Your Best Doesn’t Have to be Perfect
The Secret of the Wabi-Sabi Way
I recently came across a term new to me: wabi-sabi.
Wabi-sabi is a Japanese word used to described aesthetics, and more broadly, a worldview that values the imperfect, impermanent and incomplete. Sound a little confusing? Here are some examples:
Imperfect: Just as my toddler’s artwork is far from a perfect representation of a tree or a flower, it doesn’t matter. There is a simple beauty in that imperfection.
Impermanent: Good things don’t always last, like the intricate pattern of frost left on your car window that melts away in the sun. A phenomenal color job on your hair will eventually grow out.
Incomplete: Unfinished doesn’t mean it’s not done, like the project you abandoned because you outgrew its purpose.
In his book “Wabi Sabi Simple,” author Richard R. Powell calls wabi-sabi a kind of beauty – “beauty rooted in nature and balance.” That which is rough, rustic or simple is beautiful: a worn sweater, handmade pottery, or a bunch of wildflowers. The principles of wabi-sabi can be used in any area of your life, a home, at work, and at play. In a way, it is permission to not get in knots when things don’t go as planned. How many of us are too hard on ourselves when we fall short of a goal? Not only do we embrace acceptance in our daily life with wabi-sabi, we also allow our authentic self to shine – even if we’re rough around the edges. You can practice wabi-sabi in your life in a number of ways. Here are a few ideas:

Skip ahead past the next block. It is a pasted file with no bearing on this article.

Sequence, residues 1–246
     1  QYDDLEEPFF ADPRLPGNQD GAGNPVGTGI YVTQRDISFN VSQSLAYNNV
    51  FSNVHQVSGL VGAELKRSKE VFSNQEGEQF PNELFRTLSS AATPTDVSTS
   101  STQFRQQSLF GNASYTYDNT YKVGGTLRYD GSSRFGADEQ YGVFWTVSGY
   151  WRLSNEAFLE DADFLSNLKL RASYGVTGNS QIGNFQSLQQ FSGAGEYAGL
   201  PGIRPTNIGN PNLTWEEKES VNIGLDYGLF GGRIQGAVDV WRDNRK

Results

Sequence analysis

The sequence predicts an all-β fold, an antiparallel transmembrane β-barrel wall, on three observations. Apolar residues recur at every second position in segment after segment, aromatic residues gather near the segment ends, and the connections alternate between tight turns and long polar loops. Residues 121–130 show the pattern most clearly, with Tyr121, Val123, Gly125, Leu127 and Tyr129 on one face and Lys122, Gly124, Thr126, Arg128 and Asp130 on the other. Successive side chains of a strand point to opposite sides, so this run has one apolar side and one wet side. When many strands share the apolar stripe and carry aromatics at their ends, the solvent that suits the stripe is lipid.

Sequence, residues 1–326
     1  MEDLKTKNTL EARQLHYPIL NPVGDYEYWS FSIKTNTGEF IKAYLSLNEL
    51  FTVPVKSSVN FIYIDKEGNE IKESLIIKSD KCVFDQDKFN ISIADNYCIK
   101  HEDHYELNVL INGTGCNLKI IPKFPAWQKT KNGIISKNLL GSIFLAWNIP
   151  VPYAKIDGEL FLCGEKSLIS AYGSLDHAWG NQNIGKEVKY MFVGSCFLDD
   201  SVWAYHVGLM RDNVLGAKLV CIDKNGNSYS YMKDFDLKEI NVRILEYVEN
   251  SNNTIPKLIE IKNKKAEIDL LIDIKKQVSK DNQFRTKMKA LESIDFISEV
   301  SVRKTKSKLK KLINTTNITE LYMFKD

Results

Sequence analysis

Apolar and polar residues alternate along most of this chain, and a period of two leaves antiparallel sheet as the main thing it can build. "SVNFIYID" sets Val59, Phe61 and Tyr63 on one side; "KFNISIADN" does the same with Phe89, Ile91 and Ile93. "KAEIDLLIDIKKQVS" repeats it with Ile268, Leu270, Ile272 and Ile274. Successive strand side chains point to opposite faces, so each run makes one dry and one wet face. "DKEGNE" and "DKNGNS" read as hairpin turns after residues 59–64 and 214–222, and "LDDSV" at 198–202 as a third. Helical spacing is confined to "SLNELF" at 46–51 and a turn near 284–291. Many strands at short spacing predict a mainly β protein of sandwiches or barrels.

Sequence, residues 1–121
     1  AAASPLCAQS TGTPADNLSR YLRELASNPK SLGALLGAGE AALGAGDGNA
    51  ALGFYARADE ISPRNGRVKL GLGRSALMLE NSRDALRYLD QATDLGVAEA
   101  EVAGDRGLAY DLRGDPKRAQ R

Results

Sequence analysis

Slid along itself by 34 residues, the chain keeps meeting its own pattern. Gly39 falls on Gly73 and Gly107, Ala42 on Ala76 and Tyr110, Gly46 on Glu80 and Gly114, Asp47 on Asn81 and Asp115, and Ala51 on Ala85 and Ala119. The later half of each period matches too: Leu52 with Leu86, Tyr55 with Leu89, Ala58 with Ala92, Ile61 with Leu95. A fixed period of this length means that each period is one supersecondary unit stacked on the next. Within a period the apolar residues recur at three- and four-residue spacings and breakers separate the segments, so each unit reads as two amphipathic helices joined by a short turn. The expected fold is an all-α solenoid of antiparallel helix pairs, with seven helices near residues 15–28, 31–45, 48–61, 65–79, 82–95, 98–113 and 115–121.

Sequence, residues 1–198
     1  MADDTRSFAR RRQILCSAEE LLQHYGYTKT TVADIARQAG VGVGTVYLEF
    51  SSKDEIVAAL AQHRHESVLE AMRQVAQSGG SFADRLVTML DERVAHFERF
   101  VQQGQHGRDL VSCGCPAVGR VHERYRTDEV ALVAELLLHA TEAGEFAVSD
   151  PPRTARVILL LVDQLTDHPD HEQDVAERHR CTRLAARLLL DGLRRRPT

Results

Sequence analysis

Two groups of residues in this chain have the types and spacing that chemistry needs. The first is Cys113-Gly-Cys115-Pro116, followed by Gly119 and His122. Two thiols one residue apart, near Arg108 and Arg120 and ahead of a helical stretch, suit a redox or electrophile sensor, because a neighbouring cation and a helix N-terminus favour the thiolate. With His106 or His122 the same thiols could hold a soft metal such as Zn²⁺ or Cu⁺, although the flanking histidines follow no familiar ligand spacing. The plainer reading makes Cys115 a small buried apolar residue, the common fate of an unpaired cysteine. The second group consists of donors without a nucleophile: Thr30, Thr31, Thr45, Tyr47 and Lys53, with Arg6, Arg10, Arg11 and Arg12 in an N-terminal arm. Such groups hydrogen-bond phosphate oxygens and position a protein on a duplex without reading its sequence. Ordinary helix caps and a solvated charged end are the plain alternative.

At Home – Your mother’s idea of a dinner party may have included pressed table linens, menu cards, and full place settings, but you don’t have to entertain that way. Embracing wabi-sabi can mean calling a few friends over on a whim one afternoon, throwing on a festive table cloth from the dollar store, and setting out a few bowls with chips, dips, and veggies. Play some games and enjoy the company!
At Work – In launching a business, or a new product or service within your business, “good enough” really can be good enough to bring your new offering to the world. And if something doesn’t work, that’s OK, too. Learn from it and move on. That’s wabi-sabi.
At Play – You can call upon the spirit of wabi-sabi by trying a sport you’re not good at. We’re not all Serena Williams, but that doesn’t mean you can’t enjoy a game of tennis. If you’re competitive, this may be hard(!), but it will also remind you not to be so hard on yourself when you try something new.
In recognizing the wabi-sabi in your life, you can live lighter, appreciate the beauty in the little things and let go easier when things don’t work out the way you planned.Links